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Letters   |    
Social Realities in China Today
Samuel Law, M.D., F.R.C.P.C.
Psychiatric Services 2013; doi: 10.1176/appi.ps.6401005
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Dr. Law is affiliated with the Department of Psychiatry, University of Toronto, Ontario, Canada, and is project lead of the department’s China Initiative.

Copyright © 2013 by the American Psychiatric Association

To the Editor: I was excited to see the informative and optimistic column on mental health reform in China by Tse and colleagues (1) in the July issue. The authors’ positive description of current developments inspires hope for this vast and influential country. As one might imagine, an increase in community mental health also makes political sense by creating a “harmonious” society, enhancing quality of life for people with mental illnesses, and reducing economic loss to the society. Such reforms have been long overdue.

I have concerns about the general SWOT (strengths, weaknesses, opportunities, and threats) analysis by the authors that tiptoed around the larger societal and policy-level issues. The authors seem rather wishful that community mental health problems will be greatly helped by increasing funding in that sector. However, the reality is that no meaningful, substantial social changes have been undertaken to create a basic safety net for people with serious mental illnesses. China has no unemployment security, the current public medical insurance is woefully not in keeping with the actual costs of medical care, and welfare for the indigent is still a remote idea. In the context of these social realities, individuals with serious mental illnesses are not likely to spend precious time and resources to seek or secure care. Available care is typically targeted to those who have adequate insurance or families who are willing to pay, and there is still enormous pressure for any service to be self-funding and profitable. Making money on the backs of people with serious and chronic mental illness is never achievable. Social reforms in regard to safety-net creation are needed—not simply increased funding that does not address issues of social inequity and barely keeps up with the rate of inflation in China today. Spending that is not guided by reform of the social safety net will miss the point.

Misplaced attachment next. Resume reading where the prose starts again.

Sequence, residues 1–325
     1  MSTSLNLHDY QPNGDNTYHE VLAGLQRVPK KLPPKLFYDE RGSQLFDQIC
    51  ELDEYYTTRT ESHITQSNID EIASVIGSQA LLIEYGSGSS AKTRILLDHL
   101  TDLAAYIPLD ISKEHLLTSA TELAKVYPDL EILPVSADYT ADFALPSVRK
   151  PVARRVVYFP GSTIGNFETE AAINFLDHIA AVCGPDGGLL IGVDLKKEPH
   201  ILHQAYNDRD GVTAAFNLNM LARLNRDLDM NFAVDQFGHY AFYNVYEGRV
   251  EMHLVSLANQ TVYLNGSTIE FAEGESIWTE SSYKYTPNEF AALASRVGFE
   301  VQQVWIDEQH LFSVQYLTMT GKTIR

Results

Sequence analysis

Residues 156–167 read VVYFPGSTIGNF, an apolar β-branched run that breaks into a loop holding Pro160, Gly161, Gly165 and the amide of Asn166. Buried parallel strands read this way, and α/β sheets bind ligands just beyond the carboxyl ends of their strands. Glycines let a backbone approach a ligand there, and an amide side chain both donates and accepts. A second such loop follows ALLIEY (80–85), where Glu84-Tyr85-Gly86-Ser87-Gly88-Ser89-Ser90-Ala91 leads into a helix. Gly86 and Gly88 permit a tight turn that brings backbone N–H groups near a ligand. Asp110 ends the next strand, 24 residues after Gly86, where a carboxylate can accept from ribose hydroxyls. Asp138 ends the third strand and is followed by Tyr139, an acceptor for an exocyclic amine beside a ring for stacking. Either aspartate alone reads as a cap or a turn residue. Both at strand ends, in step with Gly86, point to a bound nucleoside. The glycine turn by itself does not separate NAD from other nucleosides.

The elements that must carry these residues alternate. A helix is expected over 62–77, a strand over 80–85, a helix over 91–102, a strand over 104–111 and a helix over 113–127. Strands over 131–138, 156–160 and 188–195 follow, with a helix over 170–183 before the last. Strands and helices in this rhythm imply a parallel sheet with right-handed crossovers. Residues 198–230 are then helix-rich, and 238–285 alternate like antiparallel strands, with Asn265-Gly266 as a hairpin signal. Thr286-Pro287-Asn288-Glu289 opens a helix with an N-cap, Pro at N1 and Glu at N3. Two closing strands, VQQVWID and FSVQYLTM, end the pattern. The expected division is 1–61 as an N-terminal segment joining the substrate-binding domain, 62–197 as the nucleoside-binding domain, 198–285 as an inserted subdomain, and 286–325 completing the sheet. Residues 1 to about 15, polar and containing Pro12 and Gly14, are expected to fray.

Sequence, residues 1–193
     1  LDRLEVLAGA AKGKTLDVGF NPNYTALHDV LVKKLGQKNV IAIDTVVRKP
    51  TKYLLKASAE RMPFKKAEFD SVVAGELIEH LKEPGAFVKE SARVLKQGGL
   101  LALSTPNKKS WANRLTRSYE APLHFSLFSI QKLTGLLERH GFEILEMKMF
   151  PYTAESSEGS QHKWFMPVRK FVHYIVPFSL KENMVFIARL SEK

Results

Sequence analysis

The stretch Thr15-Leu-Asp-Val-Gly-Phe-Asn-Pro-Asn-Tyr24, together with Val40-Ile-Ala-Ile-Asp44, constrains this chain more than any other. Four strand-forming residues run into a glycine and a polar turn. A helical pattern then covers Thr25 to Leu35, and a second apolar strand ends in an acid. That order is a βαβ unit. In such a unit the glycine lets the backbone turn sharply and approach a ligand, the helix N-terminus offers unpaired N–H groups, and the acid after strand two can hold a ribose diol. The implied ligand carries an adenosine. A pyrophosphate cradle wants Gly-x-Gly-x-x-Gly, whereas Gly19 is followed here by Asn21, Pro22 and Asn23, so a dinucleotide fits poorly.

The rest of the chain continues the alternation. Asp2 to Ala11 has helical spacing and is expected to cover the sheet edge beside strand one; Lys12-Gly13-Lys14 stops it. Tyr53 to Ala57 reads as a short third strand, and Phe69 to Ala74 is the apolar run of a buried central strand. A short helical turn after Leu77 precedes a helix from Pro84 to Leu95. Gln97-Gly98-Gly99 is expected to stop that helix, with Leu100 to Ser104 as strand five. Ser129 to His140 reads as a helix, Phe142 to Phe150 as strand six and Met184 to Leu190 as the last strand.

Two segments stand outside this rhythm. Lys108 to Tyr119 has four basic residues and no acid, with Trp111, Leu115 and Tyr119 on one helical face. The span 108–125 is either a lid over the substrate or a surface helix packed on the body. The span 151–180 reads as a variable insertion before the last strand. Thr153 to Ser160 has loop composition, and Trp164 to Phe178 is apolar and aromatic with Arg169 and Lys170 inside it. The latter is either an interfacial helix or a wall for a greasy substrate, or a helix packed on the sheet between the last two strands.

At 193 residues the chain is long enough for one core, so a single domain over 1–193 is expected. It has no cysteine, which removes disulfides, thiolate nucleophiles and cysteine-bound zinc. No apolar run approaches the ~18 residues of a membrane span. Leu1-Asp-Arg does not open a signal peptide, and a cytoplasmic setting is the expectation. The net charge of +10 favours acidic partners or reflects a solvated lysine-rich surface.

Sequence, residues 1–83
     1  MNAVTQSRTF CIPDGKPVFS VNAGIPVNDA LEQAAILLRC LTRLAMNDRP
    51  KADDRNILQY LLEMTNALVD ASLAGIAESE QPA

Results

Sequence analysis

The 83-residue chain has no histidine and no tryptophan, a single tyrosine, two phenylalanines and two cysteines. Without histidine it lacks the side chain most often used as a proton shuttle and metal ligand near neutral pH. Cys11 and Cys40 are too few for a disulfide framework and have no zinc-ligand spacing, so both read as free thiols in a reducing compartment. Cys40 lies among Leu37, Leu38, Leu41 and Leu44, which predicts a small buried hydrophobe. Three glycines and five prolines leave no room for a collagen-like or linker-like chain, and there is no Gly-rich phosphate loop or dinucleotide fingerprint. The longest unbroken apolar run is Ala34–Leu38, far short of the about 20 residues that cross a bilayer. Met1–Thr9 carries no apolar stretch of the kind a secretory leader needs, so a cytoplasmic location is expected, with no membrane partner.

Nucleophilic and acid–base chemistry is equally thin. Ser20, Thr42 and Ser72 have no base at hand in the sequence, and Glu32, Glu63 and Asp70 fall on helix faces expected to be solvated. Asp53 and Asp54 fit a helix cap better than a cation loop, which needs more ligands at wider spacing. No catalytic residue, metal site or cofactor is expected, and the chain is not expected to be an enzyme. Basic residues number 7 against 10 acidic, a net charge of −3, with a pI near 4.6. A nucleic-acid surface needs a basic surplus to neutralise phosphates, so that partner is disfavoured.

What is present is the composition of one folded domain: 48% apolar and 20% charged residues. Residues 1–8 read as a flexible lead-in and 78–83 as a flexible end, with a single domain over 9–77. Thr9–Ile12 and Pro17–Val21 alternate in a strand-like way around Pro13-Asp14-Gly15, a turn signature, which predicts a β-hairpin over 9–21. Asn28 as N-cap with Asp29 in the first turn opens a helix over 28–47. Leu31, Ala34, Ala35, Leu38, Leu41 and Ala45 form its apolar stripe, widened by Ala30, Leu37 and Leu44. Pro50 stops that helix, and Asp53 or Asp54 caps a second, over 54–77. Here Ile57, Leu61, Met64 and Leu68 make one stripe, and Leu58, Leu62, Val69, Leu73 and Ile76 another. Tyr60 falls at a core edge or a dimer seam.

My second concern is the unsatisfying assertion that technology and innovations of the “Information Age” can themselves lower stigma. Stigma remains the most significant barrier hindering development of a mental health care system. One could argue that stigma is promoted by the Information Age as much as combated by it. We need more evidence-based, culturally meaningful, and government- and citizen-driven efforts at many levels: legislation, welfare support, disability recognition, and employment equity, to name a few. The Internet by itself is not going to solve this.

I think the world stands to gain from the well-thought-out and implemented experiment in community mental health on which China is currently embarking. China is likely going to borrow and reference some well-known models developed in the West, such as the psychosocial rehabilitation model mentioned by Tse and colleagues. One needs to be aware of the potential fallacy in knowledge translation across cultures. Developing China-specific and culturally meaningful programs is another interesting challenge.

The author reports no competing interests.

Tse  S;  Ran  M-S;  Huang  Y  et al:  Mental health care reforms in Asia: the urgency of now: building a recovery-oriented, community mental health service in china.  Psychiatric Services 64:613–616, 2013
[CrossRef] | [PubMed]
 
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References

Tse  S;  Ran  M-S;  Huang  Y  et al:  Mental health care reforms in Asia: the urgency of now: building a recovery-oriented, community mental health service in china.  Psychiatric Services 64:613–616, 2013
[CrossRef] | [PubMed]
 
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